Liberia was declared ebola free in September, and earlier this week I posted about the recovery of the last ebola case in Guinea. However, a new case of ebola has been reported in Liberia, stressing the difficulty of ending the most deadly ebola outbreak in history. Above is an image from WHO from earlier in the week, showing the difference a year can make, although the graphic does not capture this new ebola case in Liberia.
A new case of Ebola emerged in Liberia on Friday in a setback for the country declared free of the disease on Sept. 3 and for the region, which is struggling to end an epidemic that has killed around 11,300 people.
The patient is a 10-year-old boy who lived with his parents and three siblings in Paynesville, a suburb east of the capital Monrovia, said Minister of Health Minister Bernice Dahn.
All six family members, as well as other high risk contacts, were in care at an Ebola Treatment Unit in Paynesville, Dahn said.
The deadly Ebola outbreak in West Africa may finally be over. While the Ebola outbreak was only in US news for a brief period, it has continued to ravage affected countries until recently. Sierra Leone and Liberia have been declared ebola free, and with the last known ebola patient in recovery, Guinea may soon also be on that list.
A 3-week-old girl in Guinea believed to be last victim of Ebola has recovered, potentially signaling the end of an unprecedented two-year epidemic in West Africa that claimed more than 11,000 lives.
By global health standards, 42 days must pass without another case of Ebola for Guinea to be declared free of the disease. The incubation period for Ebola is 21 days and out of an abundance of caution, twice that period of time must pass before the WHO declares the disease is defeated in Guinea.
Great news, the World Health Organization has officially declared that the Ebola outbreak in LIberia is over! From the WHO:
Today, 9 May 2015, WHO declares Liberia free of Ebola virus transmission. Forty-two days have passed since the last laboratory-confirmed case was buried on 28 March 2015. The outbreak of Ebola virus disease in Liberia is over.
This is a huge improvement and major achievement for the nation. However, the threat of Ebola still persists as some neighboring countries still have cases being reported:
While WHO is confident that Liberia has interrupted transmission, outbreaks persist in neighbouring Guinea and Sierra Leone, creating a high risk that infected people may cross into Liberia over the region’s exceptionally porous borders.
The government is fully aware of the need to remain on high alert and has the experience, capacity, and support from international partners to do so. WHO will maintain an enhanced staff presence in Liberia until the end of the year as the response transitions from outbreak control, to vigilance for imported cases, to the recovery of essential health services.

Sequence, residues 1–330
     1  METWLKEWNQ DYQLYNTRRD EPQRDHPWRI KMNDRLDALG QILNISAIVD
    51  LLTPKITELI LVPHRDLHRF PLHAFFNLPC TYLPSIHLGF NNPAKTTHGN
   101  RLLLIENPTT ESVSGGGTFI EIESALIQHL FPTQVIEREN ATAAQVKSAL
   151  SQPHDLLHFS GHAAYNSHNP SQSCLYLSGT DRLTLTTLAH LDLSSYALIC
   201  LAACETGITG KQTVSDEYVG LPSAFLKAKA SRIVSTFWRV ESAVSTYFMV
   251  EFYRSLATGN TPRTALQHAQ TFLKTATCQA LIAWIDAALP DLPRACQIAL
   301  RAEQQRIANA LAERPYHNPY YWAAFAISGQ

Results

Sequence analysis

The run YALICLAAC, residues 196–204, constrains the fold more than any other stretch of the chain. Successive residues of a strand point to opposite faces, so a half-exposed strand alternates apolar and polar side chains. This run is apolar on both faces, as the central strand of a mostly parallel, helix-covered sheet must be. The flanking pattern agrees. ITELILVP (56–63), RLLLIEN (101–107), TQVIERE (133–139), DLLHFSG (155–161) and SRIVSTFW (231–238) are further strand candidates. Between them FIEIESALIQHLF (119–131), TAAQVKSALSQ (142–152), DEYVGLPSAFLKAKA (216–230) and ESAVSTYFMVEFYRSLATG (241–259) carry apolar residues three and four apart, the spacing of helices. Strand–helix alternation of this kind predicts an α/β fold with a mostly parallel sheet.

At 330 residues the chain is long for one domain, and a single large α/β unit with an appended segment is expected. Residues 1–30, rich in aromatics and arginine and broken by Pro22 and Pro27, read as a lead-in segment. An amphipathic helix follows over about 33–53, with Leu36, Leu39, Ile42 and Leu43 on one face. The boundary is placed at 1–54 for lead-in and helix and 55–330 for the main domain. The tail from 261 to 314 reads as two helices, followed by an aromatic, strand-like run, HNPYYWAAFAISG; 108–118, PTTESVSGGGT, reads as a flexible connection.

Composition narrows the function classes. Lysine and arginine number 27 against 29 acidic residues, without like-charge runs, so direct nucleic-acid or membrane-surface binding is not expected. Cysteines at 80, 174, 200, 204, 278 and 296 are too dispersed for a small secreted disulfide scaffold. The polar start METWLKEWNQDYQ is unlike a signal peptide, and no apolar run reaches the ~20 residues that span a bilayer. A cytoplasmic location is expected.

For the full statement and a summary of the tragedy, Continue reading
Check out this video of Dr. Craig Spencer describing his time treating Ebola in Guinea and then contracting the disease himself in NYC. More info here.
He writes about his illness as a missed opportunity for the news media to educate the public about the disease. “After my diagnosis, the media and politicians could have educated the public about Ebola. Instead, they spent hours retracing my steps through New York and debating whether Ebola can be transmitted through a bowling ball.”
Despite the recent good news out of West Africa showing weeks of decreases in Ebola case incidences, last week showed increases in ebola cases in Guinea, Liberia, and Sierra Leone (graph above modified from WHO situation report showing cases from Guinea, recent case count tallies below from CDC). More info and graphs from the other affected countries can be found at CDC, WHO. A news article from Reuters here.
The recent increases in ebola cases are a reminder that the outbreak is still ongoing, and that trials for ebola treatments and vaccines are still as important as ever!
This terrific popsci.com article highlights the role that international intervention played in slowing and reversing the West African Ebola outbreak. First off, lets not downplay the horribleness of the outbreak:
The havoc that Ebola is wreaking in West Africa cannot be understated. With a total of 21,200 people infected since March 2014, the disease is shredding the social fabric of Guinea, Sierra Leone, and Liberia, leaving 8,400 dead. People live in fear, afraid to shake others’ hands. Survivors are shunned, and those suspected of carrying the disease are being physically assaulted in some regions.
Scientific models showed late last summer that the Ebola outbreak could result in over a million cases without a strong international effort to curb it. Many governments and aid organizations did step up, and were likely responsible for proving the scientific models wrong… Colin Brown (who studies infectious diseases at King’s College London) puts it perfectly:
The models showed what could happen if there was a lack of international effort. We really don’t know what would have happened if the world hadn’t stepped up.
While the outbreak seems to be subsiding, the article also highlights the need for people and governments to not be complacent… not surprisingly.